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Bursaries and Scholarships

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[vc_row][vc_column][vc_column_text]It can be tricky to find funding.  We hear you.  Bursaries and scholarships are a great way to finance your tertiary education. There are many available out there, usually from big corporates who are looking to catch the best people at a young age.

WARNING: Lengthy applications and multiple screening rounds for both bursaries and scholarships!

Bursaries are more common than scholarships, and are exclusively offered by firms who want you to work for them for a specified period of time after graduation (usually 2 years). The details of the packages differ from bursary to bursary, but generally they will pay for your fees, a portion of your accommodation (or all of it if you stay in a registered university/college residence), a budget for textbooks and a small monthly stipend for food, etc.

Scholarships are less common but more desirable than bursaries. They are usually offered by social institutions and organisations which are simply investing in the country’s future. There are usually no strings attached in terms of working for them after graduation, and they simply give you money to get through your studies. To get onto a good scholarship programme you have to really deserve it- they don’t throw these around. Packages differ in a similar way to bursaries (see above).

7 Need-to-knows: Advice from EduConnect

  1. Good grades get you bursaries and scholarships, full stop. But not just good grades… Great grades. And even with great grades, your chances are merely increased- possibly to 50/50. In other words, it is very tough to get bursaries and scholarships in SA.
  1. Race plays a big role, but it is not the be-all and end-all. Just because an application form says that preference is given to people of a particular colour does not necessarily mean they will not give it to someone not of that colour. Apply anyway.
  1. This is a numbers game- you get 1 interview for every 10 applications, if you are lucky. Take a full Saturday (yes, applications take a while) and write up a well-worded CV, a great Cover Letter and answer every required field in the application properly. Do this for a dozen applications or more.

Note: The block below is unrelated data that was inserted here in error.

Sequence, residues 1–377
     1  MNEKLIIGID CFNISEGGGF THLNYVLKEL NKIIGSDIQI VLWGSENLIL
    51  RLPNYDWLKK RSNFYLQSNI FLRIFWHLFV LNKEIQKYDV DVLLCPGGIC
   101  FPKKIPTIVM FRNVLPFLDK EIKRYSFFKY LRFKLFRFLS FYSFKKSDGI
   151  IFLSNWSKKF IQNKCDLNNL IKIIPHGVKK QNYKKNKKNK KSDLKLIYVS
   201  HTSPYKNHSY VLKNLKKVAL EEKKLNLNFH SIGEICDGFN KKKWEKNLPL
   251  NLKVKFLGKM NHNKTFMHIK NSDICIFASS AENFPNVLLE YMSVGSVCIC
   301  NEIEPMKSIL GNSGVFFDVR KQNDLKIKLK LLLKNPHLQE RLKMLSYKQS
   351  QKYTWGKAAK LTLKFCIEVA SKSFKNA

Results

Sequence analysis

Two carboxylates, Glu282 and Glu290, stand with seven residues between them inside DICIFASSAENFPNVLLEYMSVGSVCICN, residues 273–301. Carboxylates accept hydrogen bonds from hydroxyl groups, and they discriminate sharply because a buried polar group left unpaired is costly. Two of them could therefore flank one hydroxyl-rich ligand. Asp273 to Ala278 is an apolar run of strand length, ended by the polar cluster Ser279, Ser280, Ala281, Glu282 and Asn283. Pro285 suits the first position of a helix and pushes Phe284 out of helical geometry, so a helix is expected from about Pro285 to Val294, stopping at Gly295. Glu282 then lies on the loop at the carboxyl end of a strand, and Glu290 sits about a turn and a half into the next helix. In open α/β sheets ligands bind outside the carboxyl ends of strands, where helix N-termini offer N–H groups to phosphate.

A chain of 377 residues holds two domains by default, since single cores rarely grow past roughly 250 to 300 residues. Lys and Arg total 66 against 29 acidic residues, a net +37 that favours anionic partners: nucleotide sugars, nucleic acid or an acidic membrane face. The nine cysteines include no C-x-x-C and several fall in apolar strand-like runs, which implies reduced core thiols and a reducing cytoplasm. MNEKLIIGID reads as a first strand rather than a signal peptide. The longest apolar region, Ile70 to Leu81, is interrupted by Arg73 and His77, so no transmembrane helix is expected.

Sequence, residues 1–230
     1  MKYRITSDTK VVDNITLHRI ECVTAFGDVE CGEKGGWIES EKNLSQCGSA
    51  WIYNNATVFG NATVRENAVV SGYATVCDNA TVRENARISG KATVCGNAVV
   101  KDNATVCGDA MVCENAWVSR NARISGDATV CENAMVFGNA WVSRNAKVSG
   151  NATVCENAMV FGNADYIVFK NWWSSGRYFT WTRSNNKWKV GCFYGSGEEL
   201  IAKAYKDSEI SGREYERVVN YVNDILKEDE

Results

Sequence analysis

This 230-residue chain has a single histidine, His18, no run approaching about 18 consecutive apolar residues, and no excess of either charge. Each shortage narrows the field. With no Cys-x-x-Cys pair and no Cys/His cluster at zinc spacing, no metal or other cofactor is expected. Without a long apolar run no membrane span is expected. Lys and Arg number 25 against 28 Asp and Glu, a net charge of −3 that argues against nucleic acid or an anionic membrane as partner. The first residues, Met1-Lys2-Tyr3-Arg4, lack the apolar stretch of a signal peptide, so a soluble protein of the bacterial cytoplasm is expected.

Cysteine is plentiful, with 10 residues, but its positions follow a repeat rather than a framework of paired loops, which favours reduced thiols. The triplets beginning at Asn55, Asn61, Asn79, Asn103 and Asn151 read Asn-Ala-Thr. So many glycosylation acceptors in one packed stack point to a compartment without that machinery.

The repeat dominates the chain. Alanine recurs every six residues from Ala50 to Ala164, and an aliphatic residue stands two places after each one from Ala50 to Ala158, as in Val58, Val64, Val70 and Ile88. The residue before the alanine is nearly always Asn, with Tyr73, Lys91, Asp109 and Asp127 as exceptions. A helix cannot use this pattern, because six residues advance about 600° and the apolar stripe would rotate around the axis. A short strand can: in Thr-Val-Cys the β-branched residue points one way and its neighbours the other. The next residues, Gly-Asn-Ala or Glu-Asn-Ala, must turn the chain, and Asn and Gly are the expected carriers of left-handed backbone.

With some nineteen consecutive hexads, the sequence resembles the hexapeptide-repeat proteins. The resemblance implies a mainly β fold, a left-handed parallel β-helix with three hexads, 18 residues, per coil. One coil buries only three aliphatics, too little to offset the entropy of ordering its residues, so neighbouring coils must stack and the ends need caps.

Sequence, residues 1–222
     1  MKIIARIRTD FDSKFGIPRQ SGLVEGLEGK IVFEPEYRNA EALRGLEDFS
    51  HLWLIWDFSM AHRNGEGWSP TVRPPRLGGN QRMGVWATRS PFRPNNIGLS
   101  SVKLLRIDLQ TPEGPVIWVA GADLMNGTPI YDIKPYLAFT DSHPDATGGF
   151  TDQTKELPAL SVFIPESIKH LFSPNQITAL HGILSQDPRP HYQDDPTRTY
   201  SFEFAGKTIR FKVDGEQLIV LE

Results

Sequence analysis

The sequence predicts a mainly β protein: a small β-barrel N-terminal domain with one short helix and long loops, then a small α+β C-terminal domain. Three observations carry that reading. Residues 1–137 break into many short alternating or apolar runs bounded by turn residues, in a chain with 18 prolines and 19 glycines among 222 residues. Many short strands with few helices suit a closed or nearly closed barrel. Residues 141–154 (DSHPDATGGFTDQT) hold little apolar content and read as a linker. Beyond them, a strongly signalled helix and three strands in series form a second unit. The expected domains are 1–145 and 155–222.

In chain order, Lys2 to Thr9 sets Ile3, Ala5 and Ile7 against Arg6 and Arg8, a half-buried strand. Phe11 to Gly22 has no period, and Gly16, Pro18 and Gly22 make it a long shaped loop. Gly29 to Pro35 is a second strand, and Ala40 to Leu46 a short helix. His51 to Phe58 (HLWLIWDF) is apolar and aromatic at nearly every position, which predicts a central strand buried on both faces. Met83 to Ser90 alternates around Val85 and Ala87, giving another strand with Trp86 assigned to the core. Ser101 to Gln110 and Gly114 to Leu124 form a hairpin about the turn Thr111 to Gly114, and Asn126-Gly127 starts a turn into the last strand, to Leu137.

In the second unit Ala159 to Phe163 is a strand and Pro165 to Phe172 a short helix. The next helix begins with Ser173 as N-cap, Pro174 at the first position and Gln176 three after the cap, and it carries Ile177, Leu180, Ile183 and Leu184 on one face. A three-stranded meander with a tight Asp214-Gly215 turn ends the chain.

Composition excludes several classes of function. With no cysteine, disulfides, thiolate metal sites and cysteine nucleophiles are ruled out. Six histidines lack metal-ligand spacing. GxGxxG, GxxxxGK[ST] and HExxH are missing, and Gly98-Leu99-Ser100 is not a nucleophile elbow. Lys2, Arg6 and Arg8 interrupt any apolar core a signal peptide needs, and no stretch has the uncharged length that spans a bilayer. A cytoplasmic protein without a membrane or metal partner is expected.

1. It’s worth it if you get it. Students with a bursary or scholarship have a much easier time at university than those without, even if money is not an issue. You will always have money for the essentials (food, petrol, etc.), and you always know that your fees and textbooks are covered. And you immediately have a better mindset- someone out there thinks you are so good that they are paying for you to study! This puts you in that top percentile.
  1. There are a multitude of benefits that come with many bursaries and scholarships that are not even shown on the face of an application. Often you get travel allowances, exorbitant textbook budgets and invitations to executive functions. You will usually only be able to figure out exactly what you’re in for after you’ve got in.
  1. Bursaries and scholarships do not all work ‘by the book’. In other words, you are not bound by the standard process of applying for marketed bursaries/scholarships. You will have as much success, if not more, if you were to email the right people at companies which you know will be interested in getting a talented graduate like yourself in a few years. So while you should apply for existing programmes, do some ‘off-market shopping’- pop a few mails to some relevant companies. You can contact us if you’d like a few pointers here.
  1. You’re dealing with people, not monsters. Just because someone wears a suit doesn’t mean they don’t know what it’s like to be in an applicant’s position. If you have a question, ask! If you want to know anything at all, pick up the phone and ask for the relevant person. Here’s something no one seems to understand: They want you to apply, they want you to reprimand them for being slow, and they want you to be a pest. They need you just as much as you need them.

Take the plunge and start applying. If you think you’re not good enough or didn’t achieve the best marks, they might think you’re exactly what they need. The worst that can happen is that they say no or you get a half-bursary. And then you’re in the same position as you were before you applied. Don’t do something you’ll regret. You’ll never regret getting a bursary or scholarship!


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